Campus Ministers Visit Haiti

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Recently, De La Salle Collegiate Campus Minister Brian Barker and Brother Ken Kalinowski visited Haiti. This is Brother Ken’s account of their visit:

I arrived in Haiti, with a group of 8 Lasallian teachers from Eastern North America (two from Toronto, two from Baltimore, and two from Philadelphia)  expecting the worst due to the reputation of the country, but not really realizing what we would see. We left leaving Metro Detroit in the mid 50’s, and arrived in Haiti in mid 90’s heat and humidity. At the airport in Haiti, hundreds of people are waiting for each plane, looking for relatives, or hoping to help visitors to a car with the bags – expecting money to help them survive. 1 US dollar is worth 65 Haitian dollars, and everywhere we went – the preference was for American money.

We traveled down – so called roads, filled with sewage and smells that are indescribable. We arrived at the school, which is a fortress, and the outside of the school was shocking. However, once the main gate opened, we landed into a beautiful school courtyard filled with hundreds of children. The St. John Baptiste de la Salle School was built with donations from Lasallian schools in the United States and Ireland, after the terrible earthquake that hit the country. There are currently 550 students K-8, and a high school will open this Fall. The school is staffed by 6 Brothers: the oldest brother is 42 and 4 are in their 20’s. There are also lay partners who serve from 7 a.m. – 4 p.m. each day. The school asks each family to contribute what they are able for tuition;  no child is turned away due to lack of funds once admitted. Space is limited, and classrooms are large. I walked into the 3rd grade classroom that had 1 teacher for 55 students!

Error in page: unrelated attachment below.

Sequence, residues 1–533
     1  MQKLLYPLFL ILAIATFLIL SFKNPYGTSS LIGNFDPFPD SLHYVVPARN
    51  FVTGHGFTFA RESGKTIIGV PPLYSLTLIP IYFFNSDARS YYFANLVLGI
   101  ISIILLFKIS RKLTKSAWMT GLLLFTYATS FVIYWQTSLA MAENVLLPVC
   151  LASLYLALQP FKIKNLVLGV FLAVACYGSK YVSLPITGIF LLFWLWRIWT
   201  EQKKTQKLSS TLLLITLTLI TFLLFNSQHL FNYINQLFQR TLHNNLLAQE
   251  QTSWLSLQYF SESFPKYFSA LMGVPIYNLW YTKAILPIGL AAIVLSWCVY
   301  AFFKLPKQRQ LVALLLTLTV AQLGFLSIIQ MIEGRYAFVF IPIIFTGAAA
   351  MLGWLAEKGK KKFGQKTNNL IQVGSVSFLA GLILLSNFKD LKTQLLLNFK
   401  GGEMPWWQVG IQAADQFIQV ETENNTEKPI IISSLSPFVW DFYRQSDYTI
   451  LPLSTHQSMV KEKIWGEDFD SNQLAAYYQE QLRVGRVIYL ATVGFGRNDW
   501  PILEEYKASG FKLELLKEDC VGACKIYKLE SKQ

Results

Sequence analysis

In the afternoon, we visited  an orphanage with about 160 children, about a 1/2 mile away. Many of the orphans came after the earthquake; some are simply abandoned children. Close to 1/3 of the children in the orphanage are mentally or physically challenged. Their parents, unable to care for them, left them at the gate; government services do not exist in Haiti. In the nursery, one woman was caring for 16 children under the age of 2. I was mobbed by children who simply wished to be picked up and hugged. We spent time with so many children.
We found out, through our bilingual Canadian Lasallian partner, that many of the 160 orphans attend the 4 area schools The De La Salle Brothers offer a certain number of spots for the orphans who attend for free. 
There are great needs, too many to fathom – but if we won’t help – then who will?
You may wonder, why did we go? It is our hope to bring our students there next year, as a Mission trip, for a few days of service and to see a world that is unlike our own – only an hour and a half plane ride from Florida’s shores. A Lasallian school is called, “to touch hearts” – their impact on our group was certainly that. Having spent years in Papua New Guinea, I thought I had seen it all.  Believe me. Haiti was another eye opener. 
Let us pray for the people who suffer so greater than ourselves, and may “Jesus, Live in Our Hearts” – Forever!
Brother Ken Kalinowski, FSC

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